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February 18, 2011

Public Investment Management: Linking Global Trends to National Experiences

Posted by Pasquale Lucio Scandizzo and Mauro Napodano

Public Investment Management has become a cornerstone in the budget reform of many developing and transition countries. The emphasis on management is a consequence of the recent importance of fiscal space earmarked for public investments as engine of growth.

A new book ‘Public Investment Management: Linking Global Trends to National Experiences', by Pasquale Scandizzo and Mauro Napodano (*), analyzes general methodologies and best practices in this field both at the macro and the project level. The book originates from a study performed for the Ministry of Finance of the Government of Brazil, on behalf of the International Bank for Reconstruction and Development. The study, which lasted two years, was conducted both for Brazil and for a sample of advanced countries.

The  main underlying theme of the study is the attempt of most countries to “put the management in charge” in order  to pursue efficiency by rendering as flexible as possible public  investment responses to the unforeseen changes in the environment, in a world where uncertainty and irreversibility dominate. The study looks at this attempt, by focusing on the following intermediate goals:
  • Empower managers by moving away from ex-ante controls, while increasing accountability through continuous monitoring and evaluation of performance.
  • Make project design more flexible through modularity and sequencing
  • Assess projects not as a product but as a process of value creation, and as a part of an overall national policy strategy,  and
  • Introduce a medium term expenditure framework to lengthen the public financial commitments and ensure financial predictability  in the budget process.

The book is structured in three sections. Section A presents an essay on the global trends on public investment management. It includes a review of past and present evaluation techniques and the evolution of the legal framework in public-private partnership as alternative to public capital expenditures. Public investment management in the European Union and five countries is also analyzed. Section B compares the different approaches adopted by a few countries to implement the indications of PIM global trends in their national context. It suggests that upgrading PIM functions towards improved performance management should be a priority for those countries which  either can claim or want to pursue a sound planning system. Section C presents a checklist of issues that Government in upper middle-income emerging countries could consider in their reform process to strengthen the management of public investment both at the macro and the micro level. The issues discussed in this section are based on international best practices, which in turn are reviewed on the basis of the analysis of the Brazilian PIM system and its perceived strengthening needs.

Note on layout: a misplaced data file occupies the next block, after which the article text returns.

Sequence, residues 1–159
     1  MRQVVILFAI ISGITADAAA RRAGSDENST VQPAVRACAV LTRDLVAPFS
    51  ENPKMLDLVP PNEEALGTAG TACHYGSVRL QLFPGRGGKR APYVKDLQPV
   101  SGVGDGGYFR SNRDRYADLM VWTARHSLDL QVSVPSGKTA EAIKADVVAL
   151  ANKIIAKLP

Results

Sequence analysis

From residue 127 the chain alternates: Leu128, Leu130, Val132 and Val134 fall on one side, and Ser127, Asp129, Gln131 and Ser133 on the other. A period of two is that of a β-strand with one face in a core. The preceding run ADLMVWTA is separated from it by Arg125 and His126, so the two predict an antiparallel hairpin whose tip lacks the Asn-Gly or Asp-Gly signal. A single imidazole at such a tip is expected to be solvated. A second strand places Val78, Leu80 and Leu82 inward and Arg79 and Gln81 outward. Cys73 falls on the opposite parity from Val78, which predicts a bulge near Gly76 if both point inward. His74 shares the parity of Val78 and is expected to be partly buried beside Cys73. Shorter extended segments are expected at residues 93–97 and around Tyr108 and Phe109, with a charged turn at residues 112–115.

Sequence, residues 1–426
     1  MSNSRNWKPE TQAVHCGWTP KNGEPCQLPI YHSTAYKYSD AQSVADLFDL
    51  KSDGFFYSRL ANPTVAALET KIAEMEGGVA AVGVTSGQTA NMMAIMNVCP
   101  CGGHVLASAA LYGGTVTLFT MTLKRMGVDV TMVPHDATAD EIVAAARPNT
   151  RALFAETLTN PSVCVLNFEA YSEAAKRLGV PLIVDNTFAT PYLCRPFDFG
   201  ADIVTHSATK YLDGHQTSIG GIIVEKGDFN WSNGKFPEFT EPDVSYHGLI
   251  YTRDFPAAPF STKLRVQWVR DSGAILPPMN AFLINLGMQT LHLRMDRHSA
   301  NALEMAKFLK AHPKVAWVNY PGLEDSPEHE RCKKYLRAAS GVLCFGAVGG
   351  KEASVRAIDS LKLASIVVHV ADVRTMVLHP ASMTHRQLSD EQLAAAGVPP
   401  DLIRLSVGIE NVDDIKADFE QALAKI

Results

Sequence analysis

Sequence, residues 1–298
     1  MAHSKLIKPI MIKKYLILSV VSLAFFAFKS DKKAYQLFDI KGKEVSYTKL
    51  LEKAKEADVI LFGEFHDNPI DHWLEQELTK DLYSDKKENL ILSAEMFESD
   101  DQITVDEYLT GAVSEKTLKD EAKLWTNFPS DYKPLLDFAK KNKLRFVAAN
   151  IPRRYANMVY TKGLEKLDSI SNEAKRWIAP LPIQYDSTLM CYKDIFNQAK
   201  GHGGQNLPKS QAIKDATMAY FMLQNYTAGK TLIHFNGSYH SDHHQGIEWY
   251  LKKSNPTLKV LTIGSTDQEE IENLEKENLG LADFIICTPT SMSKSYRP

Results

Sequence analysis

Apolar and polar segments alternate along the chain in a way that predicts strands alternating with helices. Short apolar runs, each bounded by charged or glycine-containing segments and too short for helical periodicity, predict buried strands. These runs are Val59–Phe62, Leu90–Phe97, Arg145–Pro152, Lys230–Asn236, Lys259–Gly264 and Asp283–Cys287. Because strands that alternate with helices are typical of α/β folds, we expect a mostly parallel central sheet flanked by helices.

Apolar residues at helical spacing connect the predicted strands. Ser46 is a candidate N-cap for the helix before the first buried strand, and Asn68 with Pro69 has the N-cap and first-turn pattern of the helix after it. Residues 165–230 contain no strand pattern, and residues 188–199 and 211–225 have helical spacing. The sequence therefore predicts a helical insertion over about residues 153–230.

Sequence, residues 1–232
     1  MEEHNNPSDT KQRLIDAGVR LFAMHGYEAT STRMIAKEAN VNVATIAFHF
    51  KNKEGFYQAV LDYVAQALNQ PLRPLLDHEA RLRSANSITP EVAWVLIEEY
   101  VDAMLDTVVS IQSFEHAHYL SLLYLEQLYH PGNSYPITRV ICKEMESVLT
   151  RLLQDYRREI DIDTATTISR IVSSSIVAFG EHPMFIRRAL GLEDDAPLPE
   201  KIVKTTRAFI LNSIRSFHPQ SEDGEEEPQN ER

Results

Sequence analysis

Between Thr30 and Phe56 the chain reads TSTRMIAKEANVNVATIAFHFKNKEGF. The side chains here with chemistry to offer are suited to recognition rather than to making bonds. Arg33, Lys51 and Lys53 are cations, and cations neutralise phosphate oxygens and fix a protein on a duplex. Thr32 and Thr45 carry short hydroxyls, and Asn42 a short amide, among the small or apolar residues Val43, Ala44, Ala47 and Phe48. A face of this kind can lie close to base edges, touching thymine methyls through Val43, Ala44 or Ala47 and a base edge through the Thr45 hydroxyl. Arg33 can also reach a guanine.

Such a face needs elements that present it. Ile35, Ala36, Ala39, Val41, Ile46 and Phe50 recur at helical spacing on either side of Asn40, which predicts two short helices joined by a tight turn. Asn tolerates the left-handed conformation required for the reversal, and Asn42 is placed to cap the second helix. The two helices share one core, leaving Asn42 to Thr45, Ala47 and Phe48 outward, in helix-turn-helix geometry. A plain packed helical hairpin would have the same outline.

(*) About the authors: Pasquale Lucio Scandizzo is Professor of Economic Policy and Director of the Center for Economic International Studies (CEIS) at the University of Rome ‘Tor Vergata’. Mauro Napodano is an international consultant on Public Expenditure Management and the founder of the PFM Board, an online community of practice on Public Financial Management (www.PFMBoard.com ).

Note: The posts on the IMF PFM Blog should not be reported as representing the views of the IMF. The views expressed are those of the authors and do not necessarily represent those of the IMF or IMF policy.


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